Jeff Winger is a leader who can rouse a small army (a Director quality), but what is his default mode?  Silent and brooding and/or composing text messages.  That is to say, he is most likely to be found lost in thought or figuring out the perfect way to put his words together – qualities typical of the Negotiator.  Jeff's once and future career as a trial lawyer is an ideal Negotiator profession, as it requires strong oratorical skills.  A way with words can be used for ambition (and Jeff does use it that way to a degree, corresponding with his secondary Director style), but most Winger speeches are utilized to make people feel better and find a solution that works for everyone – a "for the greater good" strategy typical of Negotiators.  Even when Jeff's speeches are used for bullshit purposes, they are made up of meaningful, useful truths – a pattern that was established right from the pilot ("you are all better than you think you are," "I hereby pronounce you a community").  Jeff may be ambitious like a Director (he has a reservation for one at Morty's Steakhouse), but his more prominent Negotiator qualities (feeling a connection to everyone [it’s called chemistry – he has it with everybody]) has led to friendship sticking itself in the path of his ambitions.

Annie – DIRECTOR/Negotiator
Annie is the most direct and the most obviously ambitious of the group – classic Director.  She also tends to be the most emotional, and emotion is typically associated with the Negotiator – but it is not so much that Negotiators are more emotional as much as they are more emotionally nuanced.  Annie can have nuanced reactions to emotionally heightened situations, but she is more likely to scream, or scream and run through a glass door.  Annie's secondary Negotiator side is more noticeable in her hopeless romanticism.  You may think that that romantic quality is prominent enough to make Negotiator her primary style, but these styles are determined by ratios within the individual as opposed to compared to others.  I.e., Annie might be more of a Negotiator than a lot of other people, but she is more of a Director than a Negotiator.  You always know where you stand with Annie, and she demands the same of everyone else, a bluntness that not everyone is always able to reciprocate, as when Jeff can't give her a straight answer when she demands, "Either you want me or you don't.  What's it gonna be?"  Interestingly enough, this difference is actually what has attracted Annie and Jeff to each other.  She admires his coolness, he admires her drive, and they bring out those qualities in each other – that's basically the premise of the debate prep scene in "Debate 109."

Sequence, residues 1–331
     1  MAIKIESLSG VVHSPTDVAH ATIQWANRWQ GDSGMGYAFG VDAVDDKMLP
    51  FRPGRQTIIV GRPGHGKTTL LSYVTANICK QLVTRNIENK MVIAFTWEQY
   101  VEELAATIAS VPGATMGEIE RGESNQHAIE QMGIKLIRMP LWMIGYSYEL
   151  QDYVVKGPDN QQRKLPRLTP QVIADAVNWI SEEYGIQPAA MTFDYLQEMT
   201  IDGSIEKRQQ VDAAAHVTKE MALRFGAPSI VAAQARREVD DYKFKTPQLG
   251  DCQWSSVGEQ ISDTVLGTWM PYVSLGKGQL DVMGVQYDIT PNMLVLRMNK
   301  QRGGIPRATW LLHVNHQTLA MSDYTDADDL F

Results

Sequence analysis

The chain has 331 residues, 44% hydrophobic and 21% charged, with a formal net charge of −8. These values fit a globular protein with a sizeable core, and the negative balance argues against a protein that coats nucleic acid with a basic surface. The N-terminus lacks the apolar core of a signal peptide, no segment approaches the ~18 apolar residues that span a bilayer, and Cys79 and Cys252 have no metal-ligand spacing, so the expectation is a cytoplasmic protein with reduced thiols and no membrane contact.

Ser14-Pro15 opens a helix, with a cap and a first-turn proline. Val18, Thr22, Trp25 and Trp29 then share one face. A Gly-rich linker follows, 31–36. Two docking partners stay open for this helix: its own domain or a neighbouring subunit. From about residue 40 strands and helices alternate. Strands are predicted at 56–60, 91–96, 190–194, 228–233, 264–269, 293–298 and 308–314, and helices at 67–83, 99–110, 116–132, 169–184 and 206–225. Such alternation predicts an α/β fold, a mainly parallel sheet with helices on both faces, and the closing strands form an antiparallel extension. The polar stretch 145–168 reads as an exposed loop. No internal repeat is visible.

Abed – DIRECTOR/Negotiator
It has been speculated, though never confirmed, that Abed is somewhere on the autism spectrum, likely on the Asperger's end.  Whether or not he is diagnosable, he does display several traits of spectrum, traits that are also related to being a Director.  He has a singular way of living that he does not budge from.  He filters everything through the lens of movie and TV, which is for him a lot easier to understand than the messiness of real people, as he makes clear when he zings Jeff in "Anthropology 101."  But despite his disadvantages, he has a knack for making genuine connections with people, thus Negotiator is his secondary style.  He may see his life as a movie or TV show, but he always focuses on the characters.  He made his birthday an homage to a movie that was about two guys having a conversation, for crying out loud!  How much more deeply emotionally connective can you get?!  Abed and Annie, as  DIRECTOR/Negotiator buddies,  have had some attraction and a sweet friendship, but if stuck together for too long, they tend to drive each other crazy, as in "Virtual Systems Analysis."  Perhaps unsurprisingly then, Abed and Annie have a similar connection with Jeff.  Abed and Jeff have had some of the most profound conversations of any pair of the group, as seen most strikingly in "Contemporary American Poultry" and "Critical Film Studies."

Britta – EXPLORER/Negotiator
"That woman is a hurricane."  Britta is the prototypical Explorer, impulsive enough to drop out of high school because she thought it would impress Radiohead.  She is exceedingly liberal.  This liberalness extends to her finances, as made clear in "Intermediate Documentary Filmmaking."  But that is not to say she is foolish, just perhaps a little excessively generous, unsurprising as Explorers tend to be champions of a host of social causes.  With Britta, the range of her activism is wide to the point of parody.  She is her own harshest critic when it comes to how successful an activist she is, but perhaps it is just that her Explorer side is tempered by her secondary style of the Negotiator.  "Underneath all that clown makeup, she's a good kid."  Despite often rubbing people the wrong way, she is ultimately a people pleaser.

Troy – NEGOTIATOR/Director